Every iPhone launch, it seems, is followed by a "gate" or scandal associated with isolated reports from buyers who have encountered an issue. We've had "Antennagate" in the past and now there is "Bendgate" following reports that iPhone 6 Plus owners have allegedly found their new devices bent when removed from a pocket.

Websites and newspapers have been full of the story today after several Twitter users and forumites of places like MacRumors posted pictures of their now curved iPhones. But is the problem as severe as some make out? Is the iPhone 6 bending in pockets like spoons in the hands of Uri Geller? And if so, how do you stop it happening?

We look at some of the responses the internet has had to "Bendgate" and some of the issues levied at iPhones over the years to find out.

The evidence suggests so, yes, although it must be said that we've had an iPhone 6 Plus for 10 days, before it even went on general release, and have had no signs whatsoever of manufacturing problems or flaws in the design. No matter where we've stored it or carried it.

User hanzoh, however, posted on MacRumors that his 64GB iPhone 6 Plus suffered a slight bend after being housed in the front pocket of his suit when at a wedding. He was sat for a considerable amount of time, including eights hours in a car and throughout the dinner, plus he danced for up to three hours. The total amount of time it was in his pocket was 18 hours and the phone does seem to have a slight curve now when laid flat.

It's not clear how long the friend of DevinPitcher had his in his pocket while driving, as posted on the same forum, but the picture posted shows an even greater bend in the middle of the device.

Other Twitter posters are claiming that their devices bent in their back pockets, but seriously; don't put a 5.5-inch superthin phone in your back pocket, no matter whether it is made by Apple, Samsung or any other manufacturer. You wouldn't put your glasses in your back pocket would you? And they probably cost less.

The upshot of the above cases is that, bar DevinPitcher who didn't furnish the forums with much information, the phones seem to have been through quite an ordeal, not simply sat in a pocket, but actually having been sat on or the like.

The YouTube channel for Unbox Therapy actually uses science to find out how much force it would take to bend an off-the-shelf iPhone 6 Plus and while it finds that a comparative device, such as the Galaxy Note 3 would take a lot more force (more than his hands were able), it does take quite a bit of manual pressure to create a distinct bend.

Whether this means it will bend easily in a front pocket is unclear, but the likelihood, according to host Lewis Hilsenteger, is that it could take "tight pants" or repeat strain to make it change its shape.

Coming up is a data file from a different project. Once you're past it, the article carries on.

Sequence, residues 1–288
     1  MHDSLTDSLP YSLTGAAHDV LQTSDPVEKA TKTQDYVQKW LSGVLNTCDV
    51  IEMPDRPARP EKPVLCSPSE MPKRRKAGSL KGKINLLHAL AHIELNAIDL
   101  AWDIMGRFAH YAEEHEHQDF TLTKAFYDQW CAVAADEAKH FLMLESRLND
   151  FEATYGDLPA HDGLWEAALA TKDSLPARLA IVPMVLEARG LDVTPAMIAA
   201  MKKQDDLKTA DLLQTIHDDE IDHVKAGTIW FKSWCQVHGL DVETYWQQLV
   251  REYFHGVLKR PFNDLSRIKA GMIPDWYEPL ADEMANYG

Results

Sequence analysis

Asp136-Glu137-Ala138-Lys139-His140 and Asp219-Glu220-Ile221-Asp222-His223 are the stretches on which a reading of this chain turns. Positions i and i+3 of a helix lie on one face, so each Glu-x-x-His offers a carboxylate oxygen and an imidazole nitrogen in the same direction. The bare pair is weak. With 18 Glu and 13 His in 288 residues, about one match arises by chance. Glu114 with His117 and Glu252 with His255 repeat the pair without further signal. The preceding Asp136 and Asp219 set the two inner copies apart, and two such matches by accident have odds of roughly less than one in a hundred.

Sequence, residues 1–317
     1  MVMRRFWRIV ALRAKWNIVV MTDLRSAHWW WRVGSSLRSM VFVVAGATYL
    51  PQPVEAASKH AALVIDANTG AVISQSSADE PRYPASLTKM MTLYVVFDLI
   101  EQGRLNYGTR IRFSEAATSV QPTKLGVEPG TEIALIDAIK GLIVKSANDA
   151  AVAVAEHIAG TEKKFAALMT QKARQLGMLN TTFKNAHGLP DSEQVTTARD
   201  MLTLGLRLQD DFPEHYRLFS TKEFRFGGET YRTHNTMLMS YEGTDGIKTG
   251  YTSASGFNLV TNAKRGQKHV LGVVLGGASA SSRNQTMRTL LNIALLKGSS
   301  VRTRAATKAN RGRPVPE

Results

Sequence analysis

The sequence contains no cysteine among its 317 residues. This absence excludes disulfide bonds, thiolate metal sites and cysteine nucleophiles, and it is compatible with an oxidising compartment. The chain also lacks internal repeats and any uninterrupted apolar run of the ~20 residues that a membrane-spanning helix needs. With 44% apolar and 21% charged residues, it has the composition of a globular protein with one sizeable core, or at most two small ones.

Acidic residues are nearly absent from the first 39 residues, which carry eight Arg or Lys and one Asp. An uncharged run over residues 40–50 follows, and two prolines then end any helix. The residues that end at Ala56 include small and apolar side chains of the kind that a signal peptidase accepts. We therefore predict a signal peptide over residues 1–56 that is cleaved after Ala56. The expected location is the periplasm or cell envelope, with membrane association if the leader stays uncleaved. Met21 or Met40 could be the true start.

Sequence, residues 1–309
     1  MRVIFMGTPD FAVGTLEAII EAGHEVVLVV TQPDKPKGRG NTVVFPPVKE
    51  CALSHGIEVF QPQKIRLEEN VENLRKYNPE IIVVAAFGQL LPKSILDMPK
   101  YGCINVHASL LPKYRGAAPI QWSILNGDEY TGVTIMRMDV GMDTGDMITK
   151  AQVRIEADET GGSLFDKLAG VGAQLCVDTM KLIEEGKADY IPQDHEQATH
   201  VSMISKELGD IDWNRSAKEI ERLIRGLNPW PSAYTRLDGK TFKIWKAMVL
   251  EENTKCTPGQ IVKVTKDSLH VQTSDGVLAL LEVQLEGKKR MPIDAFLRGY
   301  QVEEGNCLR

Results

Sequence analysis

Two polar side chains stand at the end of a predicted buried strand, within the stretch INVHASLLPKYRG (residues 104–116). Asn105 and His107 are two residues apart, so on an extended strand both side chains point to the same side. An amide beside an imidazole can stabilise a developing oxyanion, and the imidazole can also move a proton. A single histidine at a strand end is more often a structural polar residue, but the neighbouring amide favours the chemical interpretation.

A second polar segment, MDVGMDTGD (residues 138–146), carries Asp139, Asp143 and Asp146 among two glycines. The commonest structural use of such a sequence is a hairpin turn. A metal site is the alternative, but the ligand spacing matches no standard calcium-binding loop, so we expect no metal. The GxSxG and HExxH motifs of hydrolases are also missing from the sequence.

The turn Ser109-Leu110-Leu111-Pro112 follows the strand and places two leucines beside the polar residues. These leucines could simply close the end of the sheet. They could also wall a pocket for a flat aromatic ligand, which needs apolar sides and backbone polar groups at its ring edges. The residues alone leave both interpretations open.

If you're really worried, don't put your iPhone 6 Plus into the front pocket of your trousers or jeans. Remember, it might be a phone, but it is a massive device that costs a lot of money.

Part of the problem with the race to get the thinnest, sleekest devices on the market with the largest real estate possible is that they will naturally become more fragile. They should therefore be taken more care of than devices that are clearly more robust.

Seems a simple solution and won't stop people reporting that their devices have been damaged, but it is also sensible.

Antennagate

By far the biggest launch problem Apple has had to face in its history was with what became known as Antennagate. After the iPhone 4 was launched, it was found that when held in a certain way, the antenna in the rear suffered interference and call signal dropped suddenly.

At first Apple denied the issue, but it eventually arranged an emergency press conference to address the public and offered a free rubber bumper to all owners for a limited amount of time, which seemed to solve the problem.

Yellow spots

Also levied at the iPhone 4 was a Retina display issue that seemed to amount in a yellowing of certain areas of the screen.

However, unlike Antennagate, these issues seemed isolated and few in number and Apple replaced any handsets affected.

Of course not. Perhaps it is because of its outstanding success that any problems, minor or major, people have with its products are so widely reported, but other manufacturers suffer problems with their devices too.

There were reports after the launch of the original aluminium backed HTC One that when left in the sun or near a radiator, the screen could crack.

And Samsung had to replace many batteries in Samsung Galaxy S4 devices after users experienced faster than usual battery drain. Plus, it also suffered big time when it was discovered that the 16GB version of its then flagship device only offered 9GB of storage capacity to the user. It soon changed the way its system software worked to free up more available space.

In short, yes it does seem that some iPhone 6 Plus users are experiencing bending in their devices. But current evidence suggests that it's only after they have been stress tested vigorously and debatably beyond what could be considered normal use.

There are also not yet enough reports to suggest it is a completely widespread problem, although the bend test performed by Unbox Therapy does prove that physical pressure applied can bend the phone and perhaps more than some rivals.

However, just a quick jaunt through Pocket-lint's own archives proves that not just Apple, but all of the bigger companies and better selling devices get their own fair share of customer complaints and issues attached. What is undoubted though, is that Apple garners the most attention.